I am obviously slightly (very) biased, but no aid station was better than the one at the Cat and Canary pub in Henfield at just over 28 miles, which was run by Burgess Hill Runners. The welcome was warm, the encouragement in abundance and the food excellent. There were even roast potatoes. This is just the boost that you need, as many people were entering into unknown territory at that stage.
The end of the event is by the Adur Outdoor Activity Centre in Shoreham.
One of the beauties of the Sussex Trail Events races is the fact that they are very low key. They are organised by runners for runners. The finish personifies this.
Along with the supporters waiting for their loved ones to arrive, there are just 2 ladies recording the finishing details and the Sussex Trail Events flags. At least the timers had better conditions than they did for the Dark Star Ultra in January. Inside the building, however, there are excellent facilities to shower, get changed and a free veggie chilli is provided.
As for my race, it couldn’t have gone better. I had a target finish time range of between 7 hours 10 minutes and 7 and a half hours.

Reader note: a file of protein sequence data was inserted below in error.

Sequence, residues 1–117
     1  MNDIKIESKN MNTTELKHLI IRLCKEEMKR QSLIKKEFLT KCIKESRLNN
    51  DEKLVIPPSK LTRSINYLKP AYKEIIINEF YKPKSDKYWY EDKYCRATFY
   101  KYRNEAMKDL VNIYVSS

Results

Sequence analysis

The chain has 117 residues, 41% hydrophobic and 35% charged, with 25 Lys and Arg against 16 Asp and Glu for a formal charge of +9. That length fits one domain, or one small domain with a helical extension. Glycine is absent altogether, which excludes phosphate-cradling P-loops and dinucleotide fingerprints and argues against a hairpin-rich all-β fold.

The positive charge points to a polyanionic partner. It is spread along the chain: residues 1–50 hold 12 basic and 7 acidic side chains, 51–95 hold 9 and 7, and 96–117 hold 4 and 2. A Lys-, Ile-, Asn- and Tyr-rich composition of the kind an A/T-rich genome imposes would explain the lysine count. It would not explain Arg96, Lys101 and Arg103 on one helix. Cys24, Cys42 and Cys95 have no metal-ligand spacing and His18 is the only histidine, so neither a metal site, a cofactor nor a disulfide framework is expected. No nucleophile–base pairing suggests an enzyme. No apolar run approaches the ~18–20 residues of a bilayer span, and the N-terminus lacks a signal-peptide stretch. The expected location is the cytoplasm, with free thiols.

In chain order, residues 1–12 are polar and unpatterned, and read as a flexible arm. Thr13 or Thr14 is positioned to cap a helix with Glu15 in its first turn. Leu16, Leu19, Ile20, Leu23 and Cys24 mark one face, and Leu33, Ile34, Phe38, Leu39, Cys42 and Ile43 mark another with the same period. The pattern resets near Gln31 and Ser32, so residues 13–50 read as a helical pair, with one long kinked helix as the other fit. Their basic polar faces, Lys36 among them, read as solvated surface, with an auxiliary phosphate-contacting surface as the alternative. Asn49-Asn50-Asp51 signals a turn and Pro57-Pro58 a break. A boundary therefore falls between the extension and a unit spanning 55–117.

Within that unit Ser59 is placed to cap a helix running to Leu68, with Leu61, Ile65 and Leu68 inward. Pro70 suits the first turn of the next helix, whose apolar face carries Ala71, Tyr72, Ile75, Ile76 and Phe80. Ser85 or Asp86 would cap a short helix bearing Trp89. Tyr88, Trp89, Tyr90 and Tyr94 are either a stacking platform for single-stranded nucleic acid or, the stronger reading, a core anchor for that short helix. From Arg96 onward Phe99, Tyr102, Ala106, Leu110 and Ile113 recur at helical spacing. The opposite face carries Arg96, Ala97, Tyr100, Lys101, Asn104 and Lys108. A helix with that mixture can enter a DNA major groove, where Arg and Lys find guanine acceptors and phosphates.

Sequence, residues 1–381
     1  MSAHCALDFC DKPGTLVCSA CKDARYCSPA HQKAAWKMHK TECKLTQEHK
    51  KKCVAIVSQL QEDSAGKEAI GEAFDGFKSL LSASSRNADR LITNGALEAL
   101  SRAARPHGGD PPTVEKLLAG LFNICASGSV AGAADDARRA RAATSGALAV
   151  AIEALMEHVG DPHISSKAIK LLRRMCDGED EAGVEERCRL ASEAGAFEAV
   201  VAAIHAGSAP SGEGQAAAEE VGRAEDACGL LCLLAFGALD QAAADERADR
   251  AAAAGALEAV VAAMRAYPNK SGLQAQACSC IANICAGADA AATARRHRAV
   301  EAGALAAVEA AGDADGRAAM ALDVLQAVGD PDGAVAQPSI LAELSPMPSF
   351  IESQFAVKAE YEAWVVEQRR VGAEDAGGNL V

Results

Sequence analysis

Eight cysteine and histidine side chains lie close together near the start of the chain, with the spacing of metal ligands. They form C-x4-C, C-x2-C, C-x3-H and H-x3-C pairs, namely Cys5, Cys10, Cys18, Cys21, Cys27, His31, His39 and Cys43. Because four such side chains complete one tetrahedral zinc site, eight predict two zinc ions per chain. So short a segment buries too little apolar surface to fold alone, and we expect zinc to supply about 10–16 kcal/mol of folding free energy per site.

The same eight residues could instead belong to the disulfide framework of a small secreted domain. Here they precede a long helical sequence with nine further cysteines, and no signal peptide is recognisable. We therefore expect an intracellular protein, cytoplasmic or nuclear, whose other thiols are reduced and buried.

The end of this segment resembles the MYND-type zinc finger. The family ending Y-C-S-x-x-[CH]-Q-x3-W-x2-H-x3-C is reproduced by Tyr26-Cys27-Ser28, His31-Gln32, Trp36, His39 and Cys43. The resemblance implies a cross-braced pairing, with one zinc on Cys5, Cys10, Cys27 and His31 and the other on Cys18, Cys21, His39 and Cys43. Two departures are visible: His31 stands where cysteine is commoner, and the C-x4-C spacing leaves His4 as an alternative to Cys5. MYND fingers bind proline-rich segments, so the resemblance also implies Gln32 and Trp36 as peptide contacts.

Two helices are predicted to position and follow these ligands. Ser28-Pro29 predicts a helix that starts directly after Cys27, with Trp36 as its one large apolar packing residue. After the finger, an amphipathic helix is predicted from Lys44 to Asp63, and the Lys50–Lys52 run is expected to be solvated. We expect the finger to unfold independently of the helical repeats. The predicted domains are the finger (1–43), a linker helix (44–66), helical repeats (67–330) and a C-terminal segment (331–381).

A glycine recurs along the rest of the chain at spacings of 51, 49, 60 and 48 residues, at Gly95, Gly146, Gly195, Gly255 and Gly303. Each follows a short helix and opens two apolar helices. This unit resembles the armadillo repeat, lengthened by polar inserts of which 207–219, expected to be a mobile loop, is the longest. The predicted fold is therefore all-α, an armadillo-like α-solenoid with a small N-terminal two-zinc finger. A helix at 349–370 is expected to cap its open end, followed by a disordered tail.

For the first half marathon I had the company of Philippe, who was competing in his first Ultra event. We had discussed the absolute necessity to set off slowly.
We were a little quicker than hoped, but it pretty much worked. Only 2 of my quickest kilometre splits were in the first 20 kilometres.
Being with someone desperate to slow down and constantly using your watch to achieve this was hugely important.
There was a long downhill section just after the first half marathon and this is where I left Philippe to his own devices.
I actually speeded up in the second half marathon. I did the first one in 2 hours 23 minutes and the second in 2 hours 19 minutes. This was almost certainly a little too quick, as the last 10km proved, but I was full of confidence and was fuelling and hydrating really well.